Key to Gilled Mushrooms Key
This is a key to gilled mushrooms, that is, mushrooms having a definite cap with a fertile surface consisting of gills. The fruiting body usually also has a stem, although that may be lateral or absent (usually, then, the mushroom is growing from wood). You can use this key to identify mushrooms that you find.
Fruiting body containing fibers (usually in the stalk)
White Spored Suborder
Spore print "light-colored": white or buff, sometimes tinged with pink or tan. Greenish and (except for the Russulales) yellow spore prints also go here
Stalk fibrous, not fracturing like a piece of chalk
Annulus usually present (on some small species, the partial veil may remain instead as scraps of tissue on the edge of the cap)
Cap often umbonate, often with a concentric design of scales that are an intrinsic part of the cap (not easily peeled off without taking part of the cap with it)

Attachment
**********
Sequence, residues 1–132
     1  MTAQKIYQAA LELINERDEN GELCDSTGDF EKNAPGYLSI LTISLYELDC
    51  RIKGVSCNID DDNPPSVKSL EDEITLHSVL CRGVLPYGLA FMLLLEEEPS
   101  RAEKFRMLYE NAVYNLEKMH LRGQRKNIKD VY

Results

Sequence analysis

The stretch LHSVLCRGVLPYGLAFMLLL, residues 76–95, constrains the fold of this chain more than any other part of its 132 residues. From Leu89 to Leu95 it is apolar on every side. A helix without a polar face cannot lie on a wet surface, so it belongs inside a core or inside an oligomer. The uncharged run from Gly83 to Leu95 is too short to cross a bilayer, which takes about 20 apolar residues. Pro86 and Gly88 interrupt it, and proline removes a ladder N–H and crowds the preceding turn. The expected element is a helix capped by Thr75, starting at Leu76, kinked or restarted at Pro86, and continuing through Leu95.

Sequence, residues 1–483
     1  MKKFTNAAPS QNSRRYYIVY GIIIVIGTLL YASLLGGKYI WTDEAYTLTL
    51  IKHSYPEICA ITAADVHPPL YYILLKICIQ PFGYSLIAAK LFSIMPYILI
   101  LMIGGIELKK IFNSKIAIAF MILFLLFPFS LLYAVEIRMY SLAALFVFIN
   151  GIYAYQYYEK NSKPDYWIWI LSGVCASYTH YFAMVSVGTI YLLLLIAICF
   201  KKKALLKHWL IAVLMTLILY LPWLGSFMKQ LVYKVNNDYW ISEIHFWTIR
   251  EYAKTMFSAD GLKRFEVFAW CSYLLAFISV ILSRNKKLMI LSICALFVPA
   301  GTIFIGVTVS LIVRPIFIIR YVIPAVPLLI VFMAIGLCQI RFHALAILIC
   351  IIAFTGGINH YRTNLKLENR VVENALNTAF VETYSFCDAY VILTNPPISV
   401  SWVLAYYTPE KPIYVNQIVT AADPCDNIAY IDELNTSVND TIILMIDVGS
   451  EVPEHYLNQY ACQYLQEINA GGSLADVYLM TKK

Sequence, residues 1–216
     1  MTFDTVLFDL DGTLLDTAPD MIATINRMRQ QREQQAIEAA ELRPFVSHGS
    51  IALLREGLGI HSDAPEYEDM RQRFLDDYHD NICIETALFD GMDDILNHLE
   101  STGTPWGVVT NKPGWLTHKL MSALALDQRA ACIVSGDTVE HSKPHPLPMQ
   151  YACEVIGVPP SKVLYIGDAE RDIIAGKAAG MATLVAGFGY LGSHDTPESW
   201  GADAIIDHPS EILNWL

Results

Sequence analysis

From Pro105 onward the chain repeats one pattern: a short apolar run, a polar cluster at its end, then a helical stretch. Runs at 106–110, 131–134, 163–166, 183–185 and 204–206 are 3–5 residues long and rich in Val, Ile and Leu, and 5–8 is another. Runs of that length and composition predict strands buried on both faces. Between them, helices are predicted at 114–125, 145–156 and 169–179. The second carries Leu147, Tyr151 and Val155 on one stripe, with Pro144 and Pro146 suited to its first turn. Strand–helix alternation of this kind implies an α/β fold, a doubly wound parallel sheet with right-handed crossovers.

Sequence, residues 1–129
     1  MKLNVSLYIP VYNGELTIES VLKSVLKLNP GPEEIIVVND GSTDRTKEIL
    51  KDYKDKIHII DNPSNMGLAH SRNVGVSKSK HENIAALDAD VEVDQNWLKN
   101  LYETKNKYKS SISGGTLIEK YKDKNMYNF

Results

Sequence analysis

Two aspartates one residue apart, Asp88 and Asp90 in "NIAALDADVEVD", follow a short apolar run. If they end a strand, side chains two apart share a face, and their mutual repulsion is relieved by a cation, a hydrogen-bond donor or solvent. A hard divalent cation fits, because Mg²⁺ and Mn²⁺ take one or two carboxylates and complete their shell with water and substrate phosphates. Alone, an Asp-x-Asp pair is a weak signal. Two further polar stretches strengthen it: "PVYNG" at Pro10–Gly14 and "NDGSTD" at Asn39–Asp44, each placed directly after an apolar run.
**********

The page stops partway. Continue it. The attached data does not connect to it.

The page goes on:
The cap is also usually egg-shaped or completely round (like a globe) at first - - it doesn't start to open until the stem is almost fully grown
Big Lepiotas Section
Cap can reach more than 2-3" across at maturity
Flesh sometimes changing color if cut or bruised
Ring often thick-edged and can be slid up and down the stalk
If the size of your collection is borderline, try this choice first
Here are the characters that distinguish this species from the others in its group. For its more general characters, see higher up on the page.
If there's just a few words or a microscopic feature here, a more thorough description can be found above.
- Cap up to 8" across; not umbonate - - flat in the center
Cap cuticle cinnamon brown, breaking up into scales as the cap expands; the flesh that shows between the scales is dingy white at first, but ages to a lighter version of the scale color; the disk stays solid cinnamon brown
Flesh staining orange (a dull carrot color), then reddish brown when cut (try the stem)
Stalk often enlarged below, or forming a rimmed basal bulb
Grows singly or in groups in any kind of plant litter or compost